Jerry Pullins, one of its founders and a parishioner at Church of the Nativity in Leawood, said the company is a spin-off of SeniorCare Homes, which he also owns and operates.

SeniorCare Homes operates six small residential group homes for memory care and Parkinson’s residents.

It’s given Pullins insight into the ins and outs of senior living, and now through CareStreet, he’s able to meet even more of the community’s needs.

CareStreet offers a variety of services, including providing resources, connecting seniors with an elder care attorney and setting them up with meals and transportation.

“There’s nothing that a senior could need that we can’t help or resource or find for them,” said Pullins.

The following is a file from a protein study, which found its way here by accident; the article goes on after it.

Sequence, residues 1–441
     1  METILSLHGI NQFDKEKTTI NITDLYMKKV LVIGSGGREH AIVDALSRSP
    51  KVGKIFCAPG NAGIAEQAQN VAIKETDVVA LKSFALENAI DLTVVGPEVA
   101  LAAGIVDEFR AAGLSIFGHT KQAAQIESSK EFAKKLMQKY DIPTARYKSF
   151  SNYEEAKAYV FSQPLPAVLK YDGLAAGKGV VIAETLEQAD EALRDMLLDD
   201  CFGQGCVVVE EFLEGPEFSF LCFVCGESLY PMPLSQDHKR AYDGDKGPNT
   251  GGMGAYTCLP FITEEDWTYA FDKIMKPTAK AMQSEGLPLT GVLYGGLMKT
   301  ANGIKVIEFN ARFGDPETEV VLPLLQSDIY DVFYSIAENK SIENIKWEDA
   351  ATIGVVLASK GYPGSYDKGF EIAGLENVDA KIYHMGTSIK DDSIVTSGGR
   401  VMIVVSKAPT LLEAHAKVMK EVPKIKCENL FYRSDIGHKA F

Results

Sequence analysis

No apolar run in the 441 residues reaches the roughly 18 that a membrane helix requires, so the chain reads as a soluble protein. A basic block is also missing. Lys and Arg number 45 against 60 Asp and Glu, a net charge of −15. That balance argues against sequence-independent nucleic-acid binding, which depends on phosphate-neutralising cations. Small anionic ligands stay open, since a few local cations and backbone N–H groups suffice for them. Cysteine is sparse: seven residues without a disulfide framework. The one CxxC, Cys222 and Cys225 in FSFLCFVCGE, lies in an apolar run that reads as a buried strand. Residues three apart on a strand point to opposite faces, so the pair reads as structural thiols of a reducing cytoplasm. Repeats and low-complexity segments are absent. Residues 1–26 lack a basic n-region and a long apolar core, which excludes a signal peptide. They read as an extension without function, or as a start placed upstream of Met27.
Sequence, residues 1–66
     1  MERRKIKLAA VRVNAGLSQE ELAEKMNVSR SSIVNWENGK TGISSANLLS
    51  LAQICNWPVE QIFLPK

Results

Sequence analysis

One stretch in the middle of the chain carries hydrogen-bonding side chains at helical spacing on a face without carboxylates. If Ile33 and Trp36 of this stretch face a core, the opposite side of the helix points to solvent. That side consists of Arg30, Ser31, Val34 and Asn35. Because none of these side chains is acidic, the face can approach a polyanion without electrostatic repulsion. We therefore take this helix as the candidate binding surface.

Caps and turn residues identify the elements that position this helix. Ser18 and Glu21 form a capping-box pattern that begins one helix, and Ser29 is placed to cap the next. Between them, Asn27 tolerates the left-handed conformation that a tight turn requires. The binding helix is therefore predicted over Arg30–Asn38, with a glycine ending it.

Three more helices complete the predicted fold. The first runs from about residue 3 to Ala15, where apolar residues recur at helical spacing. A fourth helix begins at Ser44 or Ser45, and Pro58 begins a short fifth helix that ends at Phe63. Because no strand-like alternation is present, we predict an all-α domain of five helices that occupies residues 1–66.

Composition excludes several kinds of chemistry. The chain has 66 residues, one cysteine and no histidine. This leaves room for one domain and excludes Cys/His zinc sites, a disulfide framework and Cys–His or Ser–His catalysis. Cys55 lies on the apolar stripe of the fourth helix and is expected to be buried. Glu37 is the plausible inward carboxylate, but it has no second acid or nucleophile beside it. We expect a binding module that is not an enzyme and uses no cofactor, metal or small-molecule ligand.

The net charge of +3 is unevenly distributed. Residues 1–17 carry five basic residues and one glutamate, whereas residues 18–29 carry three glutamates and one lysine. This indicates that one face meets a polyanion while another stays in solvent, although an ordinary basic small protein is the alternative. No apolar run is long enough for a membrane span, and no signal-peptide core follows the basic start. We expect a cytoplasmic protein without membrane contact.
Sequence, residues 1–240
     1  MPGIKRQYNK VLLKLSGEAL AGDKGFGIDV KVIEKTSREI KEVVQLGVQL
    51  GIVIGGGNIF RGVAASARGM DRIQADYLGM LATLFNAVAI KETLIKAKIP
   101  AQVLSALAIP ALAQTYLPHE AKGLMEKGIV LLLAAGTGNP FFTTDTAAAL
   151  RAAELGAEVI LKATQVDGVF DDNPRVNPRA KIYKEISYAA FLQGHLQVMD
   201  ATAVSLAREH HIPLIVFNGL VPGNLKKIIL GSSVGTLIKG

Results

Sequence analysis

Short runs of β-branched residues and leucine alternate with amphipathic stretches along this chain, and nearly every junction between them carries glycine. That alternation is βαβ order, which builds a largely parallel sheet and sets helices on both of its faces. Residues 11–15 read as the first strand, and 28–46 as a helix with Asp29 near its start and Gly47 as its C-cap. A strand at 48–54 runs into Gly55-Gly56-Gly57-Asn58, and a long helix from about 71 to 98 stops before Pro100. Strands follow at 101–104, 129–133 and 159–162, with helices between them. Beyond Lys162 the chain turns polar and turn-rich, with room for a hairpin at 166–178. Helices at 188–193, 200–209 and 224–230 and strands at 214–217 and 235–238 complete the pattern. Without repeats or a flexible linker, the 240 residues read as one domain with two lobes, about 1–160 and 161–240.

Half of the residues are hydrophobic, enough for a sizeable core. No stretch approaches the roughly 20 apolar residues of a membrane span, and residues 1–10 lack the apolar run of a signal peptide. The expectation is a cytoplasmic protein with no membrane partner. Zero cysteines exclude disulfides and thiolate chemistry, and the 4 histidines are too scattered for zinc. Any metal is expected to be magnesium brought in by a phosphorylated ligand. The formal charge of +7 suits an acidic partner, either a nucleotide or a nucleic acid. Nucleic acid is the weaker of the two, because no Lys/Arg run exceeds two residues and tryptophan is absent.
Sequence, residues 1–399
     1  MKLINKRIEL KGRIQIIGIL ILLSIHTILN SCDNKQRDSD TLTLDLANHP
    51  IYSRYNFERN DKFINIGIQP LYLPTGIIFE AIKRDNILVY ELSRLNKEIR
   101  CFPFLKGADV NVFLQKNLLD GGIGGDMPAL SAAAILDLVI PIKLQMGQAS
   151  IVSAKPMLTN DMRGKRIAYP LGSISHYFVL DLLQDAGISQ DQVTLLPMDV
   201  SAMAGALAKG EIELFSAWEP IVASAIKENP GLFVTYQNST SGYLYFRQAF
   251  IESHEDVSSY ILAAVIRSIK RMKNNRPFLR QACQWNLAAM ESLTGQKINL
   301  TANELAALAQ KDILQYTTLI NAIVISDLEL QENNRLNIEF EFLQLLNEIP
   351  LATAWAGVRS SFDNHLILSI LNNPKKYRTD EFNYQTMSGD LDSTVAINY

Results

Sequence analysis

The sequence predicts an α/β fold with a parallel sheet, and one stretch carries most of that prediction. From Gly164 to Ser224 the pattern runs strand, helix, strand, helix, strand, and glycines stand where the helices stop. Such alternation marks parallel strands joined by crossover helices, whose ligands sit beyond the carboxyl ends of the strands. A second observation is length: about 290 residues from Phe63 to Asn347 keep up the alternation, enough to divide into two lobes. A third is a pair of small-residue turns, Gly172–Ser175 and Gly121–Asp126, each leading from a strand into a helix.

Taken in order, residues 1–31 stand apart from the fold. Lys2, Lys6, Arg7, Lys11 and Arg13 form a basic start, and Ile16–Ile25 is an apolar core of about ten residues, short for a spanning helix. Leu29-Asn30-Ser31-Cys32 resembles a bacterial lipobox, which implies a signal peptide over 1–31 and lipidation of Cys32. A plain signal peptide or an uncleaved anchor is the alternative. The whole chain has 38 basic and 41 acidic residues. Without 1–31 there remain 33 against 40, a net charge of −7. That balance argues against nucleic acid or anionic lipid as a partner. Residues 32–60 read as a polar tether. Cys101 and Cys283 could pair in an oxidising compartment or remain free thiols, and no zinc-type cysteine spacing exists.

“I think the biggest thing that we get to do is take the pressure off and renew the roles for the families we serve,” he added.

Jerry Pullins works alongside Stephanie Garica, left, and Jamie Graham at CareStreet. LEAVEN PHOTO BY JAY SOLDNER

Often, children or spouses take on an administrative or caregiver role for their aging loved one, but CareStreet can step into that position.

“It’s such an honor to be able to help people,” said Pullins. “There’s nothing too small or too big. If there’s a question, we’ll find an answer.”

Formed by faith

A handful of CareStreet team members are lifelong Catholics who view their work as a ministry.

“I started at a young age volunteering at a senior living community for my service hours with St. Joseph Catholic School [in Shawnee],” said Machaela Dechant, senior guide, St. Joseph parishioner and St. James Academy, Lenexa, alumna.

“And since then, I knew this was what I wanted to do,” she continued. “Part of the mission of my faith is to serve others, and in this role, I am able to do that every day.”